Releasing its annual report yesterday, the Dublin Rape Crises Centre warned of a rise in child sex abuse reports and called for increased resources for victims to help limit the number of would-be rapists in society.
Marking the centre’s 30th year, chief executive Ellen O’Malley-Dunlop said that services for victims had never been in such demand as they were today.
“While the Dublin Rape Crises Centre had heard a lot of these stories over its 30 years in service,the public acknowledgement and belief in what was contained in these reports,enabled large numbers of victims, for the first time, to feel vindicated and tocome forward and speak out,” she said.
“The harrowing, first- time calls from victims who had never spoken to another [about the abuse] in some cases for 60 years was truly heartbreaking,” she said.
Up to 14,289 calls were received on the service’s 24-hour helpline, with 4,188 calls from victims contacting support services for the first time.
The increased volume of calls came in the wake of last year’s Ryan and Murphy reports into institutional and clerical abuse. Overall, 53% of calls related to childhood sexual abuse, an increase of 8% on 2008’s figures.
The centre also helped 579 clients in counselling and psychotherapy services, 88% of whom were women. Half of those who received therapy were victims of sexual violence in adulthood, including rape, sexual assault, sexual harassment and drug rape.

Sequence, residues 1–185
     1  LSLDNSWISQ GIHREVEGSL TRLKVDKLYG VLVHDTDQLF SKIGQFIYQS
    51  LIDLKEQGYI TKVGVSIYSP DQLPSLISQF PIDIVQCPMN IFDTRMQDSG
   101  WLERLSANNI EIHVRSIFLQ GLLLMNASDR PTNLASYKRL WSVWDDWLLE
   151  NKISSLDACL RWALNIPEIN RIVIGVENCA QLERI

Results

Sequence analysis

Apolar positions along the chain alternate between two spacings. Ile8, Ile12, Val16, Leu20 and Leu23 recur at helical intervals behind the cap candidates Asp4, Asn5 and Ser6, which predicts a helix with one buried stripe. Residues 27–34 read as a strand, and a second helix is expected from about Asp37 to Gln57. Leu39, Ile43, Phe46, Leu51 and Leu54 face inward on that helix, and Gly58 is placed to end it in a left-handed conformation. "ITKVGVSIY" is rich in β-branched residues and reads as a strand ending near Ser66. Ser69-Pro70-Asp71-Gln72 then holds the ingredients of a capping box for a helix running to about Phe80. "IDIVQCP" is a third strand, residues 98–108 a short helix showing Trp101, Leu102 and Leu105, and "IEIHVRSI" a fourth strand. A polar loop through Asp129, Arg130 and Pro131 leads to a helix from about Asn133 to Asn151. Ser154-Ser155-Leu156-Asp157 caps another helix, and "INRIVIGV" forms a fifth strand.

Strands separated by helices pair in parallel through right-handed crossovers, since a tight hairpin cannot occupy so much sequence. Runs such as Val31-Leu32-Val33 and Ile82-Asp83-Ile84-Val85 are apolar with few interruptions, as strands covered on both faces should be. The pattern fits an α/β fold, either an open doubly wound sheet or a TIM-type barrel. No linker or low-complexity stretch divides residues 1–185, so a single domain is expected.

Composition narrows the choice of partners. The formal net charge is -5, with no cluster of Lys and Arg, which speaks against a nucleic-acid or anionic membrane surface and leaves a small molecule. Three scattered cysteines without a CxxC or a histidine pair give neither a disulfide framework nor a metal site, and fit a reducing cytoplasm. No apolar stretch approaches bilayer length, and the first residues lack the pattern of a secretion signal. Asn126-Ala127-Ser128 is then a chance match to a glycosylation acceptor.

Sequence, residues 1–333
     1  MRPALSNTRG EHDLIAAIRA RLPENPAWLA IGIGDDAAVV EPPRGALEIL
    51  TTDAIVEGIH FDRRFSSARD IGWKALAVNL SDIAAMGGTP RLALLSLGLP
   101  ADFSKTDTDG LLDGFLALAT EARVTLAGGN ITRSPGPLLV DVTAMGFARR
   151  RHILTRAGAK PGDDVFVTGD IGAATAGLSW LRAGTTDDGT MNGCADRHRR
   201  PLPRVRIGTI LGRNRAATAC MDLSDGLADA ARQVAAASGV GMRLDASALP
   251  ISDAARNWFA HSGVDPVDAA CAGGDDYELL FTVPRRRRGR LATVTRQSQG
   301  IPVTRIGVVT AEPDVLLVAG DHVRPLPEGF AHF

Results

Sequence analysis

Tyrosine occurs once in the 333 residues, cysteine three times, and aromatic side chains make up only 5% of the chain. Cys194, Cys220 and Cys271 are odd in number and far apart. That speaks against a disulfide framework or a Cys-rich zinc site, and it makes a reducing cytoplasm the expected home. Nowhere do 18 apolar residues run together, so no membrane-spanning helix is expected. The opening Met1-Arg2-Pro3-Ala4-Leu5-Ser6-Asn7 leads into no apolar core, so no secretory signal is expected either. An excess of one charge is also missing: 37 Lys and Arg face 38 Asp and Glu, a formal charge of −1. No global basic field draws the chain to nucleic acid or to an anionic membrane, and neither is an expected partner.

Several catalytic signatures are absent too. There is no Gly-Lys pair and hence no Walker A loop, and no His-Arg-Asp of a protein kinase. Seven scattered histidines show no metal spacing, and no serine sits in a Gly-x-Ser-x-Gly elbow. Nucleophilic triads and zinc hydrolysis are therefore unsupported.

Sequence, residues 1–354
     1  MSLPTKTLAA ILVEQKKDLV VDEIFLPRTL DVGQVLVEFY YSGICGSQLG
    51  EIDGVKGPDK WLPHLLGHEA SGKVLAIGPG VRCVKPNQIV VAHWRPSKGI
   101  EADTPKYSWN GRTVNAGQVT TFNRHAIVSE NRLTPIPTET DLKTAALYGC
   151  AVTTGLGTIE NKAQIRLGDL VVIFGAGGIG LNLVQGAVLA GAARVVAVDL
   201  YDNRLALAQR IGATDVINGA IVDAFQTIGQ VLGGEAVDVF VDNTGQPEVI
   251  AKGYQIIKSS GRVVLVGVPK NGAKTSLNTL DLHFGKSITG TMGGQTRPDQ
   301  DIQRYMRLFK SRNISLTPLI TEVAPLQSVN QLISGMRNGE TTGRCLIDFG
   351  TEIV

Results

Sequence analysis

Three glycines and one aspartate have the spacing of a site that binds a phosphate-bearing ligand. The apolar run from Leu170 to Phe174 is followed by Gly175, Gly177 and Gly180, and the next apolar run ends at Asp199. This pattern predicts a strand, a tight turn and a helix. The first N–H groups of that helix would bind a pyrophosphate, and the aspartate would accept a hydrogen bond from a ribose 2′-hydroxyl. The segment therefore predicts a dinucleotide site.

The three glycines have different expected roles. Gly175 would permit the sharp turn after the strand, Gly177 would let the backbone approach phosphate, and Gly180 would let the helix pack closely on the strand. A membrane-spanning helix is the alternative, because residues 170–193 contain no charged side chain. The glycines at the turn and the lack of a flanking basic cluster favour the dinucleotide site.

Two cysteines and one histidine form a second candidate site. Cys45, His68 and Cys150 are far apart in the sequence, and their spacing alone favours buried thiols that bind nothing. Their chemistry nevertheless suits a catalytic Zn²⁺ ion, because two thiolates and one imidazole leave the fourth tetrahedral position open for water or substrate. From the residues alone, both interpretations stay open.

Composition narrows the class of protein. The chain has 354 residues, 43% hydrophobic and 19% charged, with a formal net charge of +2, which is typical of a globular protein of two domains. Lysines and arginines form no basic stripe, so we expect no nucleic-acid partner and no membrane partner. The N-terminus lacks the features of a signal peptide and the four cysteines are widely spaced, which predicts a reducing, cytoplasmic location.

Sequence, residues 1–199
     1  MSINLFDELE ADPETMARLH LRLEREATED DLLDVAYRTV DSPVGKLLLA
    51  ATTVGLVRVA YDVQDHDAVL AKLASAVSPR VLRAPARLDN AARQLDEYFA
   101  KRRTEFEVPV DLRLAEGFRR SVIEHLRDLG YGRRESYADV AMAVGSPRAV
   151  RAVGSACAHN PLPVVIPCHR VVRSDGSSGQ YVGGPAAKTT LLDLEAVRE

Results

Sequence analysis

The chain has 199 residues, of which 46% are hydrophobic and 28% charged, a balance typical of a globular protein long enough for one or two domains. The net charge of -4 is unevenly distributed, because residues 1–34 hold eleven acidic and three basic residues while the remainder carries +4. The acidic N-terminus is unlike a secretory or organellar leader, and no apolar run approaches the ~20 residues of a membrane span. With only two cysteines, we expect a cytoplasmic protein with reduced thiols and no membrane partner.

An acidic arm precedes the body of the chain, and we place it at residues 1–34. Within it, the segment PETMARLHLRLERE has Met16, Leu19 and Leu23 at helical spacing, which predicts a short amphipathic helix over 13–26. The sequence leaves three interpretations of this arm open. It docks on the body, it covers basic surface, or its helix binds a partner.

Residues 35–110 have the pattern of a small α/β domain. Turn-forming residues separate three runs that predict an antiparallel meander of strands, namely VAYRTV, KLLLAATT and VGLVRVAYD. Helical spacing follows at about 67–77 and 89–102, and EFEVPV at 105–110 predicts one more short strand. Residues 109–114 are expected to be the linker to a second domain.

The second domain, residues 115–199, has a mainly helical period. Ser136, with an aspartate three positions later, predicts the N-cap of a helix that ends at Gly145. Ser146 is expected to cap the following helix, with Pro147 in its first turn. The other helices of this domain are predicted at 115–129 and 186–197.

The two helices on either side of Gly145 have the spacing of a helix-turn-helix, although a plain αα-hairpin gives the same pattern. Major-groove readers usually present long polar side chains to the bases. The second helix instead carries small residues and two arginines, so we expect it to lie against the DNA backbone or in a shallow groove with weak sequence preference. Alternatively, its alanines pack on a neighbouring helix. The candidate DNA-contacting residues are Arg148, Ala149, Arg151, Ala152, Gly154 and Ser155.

Ms O’Malley-Dunlop called for the prompt implementation of the Ryan report’s recommendations, as well as the increased protection of children through a referendum and more resources for support services in the criminal justice system.
“We need to be confident that our judicial system from reporting to the gardaí to obtain a decision in court whether that be a conviction or an acquittal is effective, robust and above all fair to both the accused and the complainant.
“We have some way to go to achieving this,” she said.
Research found only 29% of victims in touch with services reported cases of rape or sexual abuse to gardaí. Victims were seven times more likely to report to gardaí if the alleged crime had been committed more recently, the research found.
Launching the report, Health Minister Mary Harney pledged to push for the continued €1.1 million in annual funds for the centre.
She said it was hoped there would be a second SAVI report, research that a decade ago set out the extent of sexual abuse and violence in Ireland.
The Government was also finalising a date for the constitutional referendum on children’s rights, she added.
Ms Harney praised the women who worked over three decades at the centre. She said the report showed sexual violence still plagued society.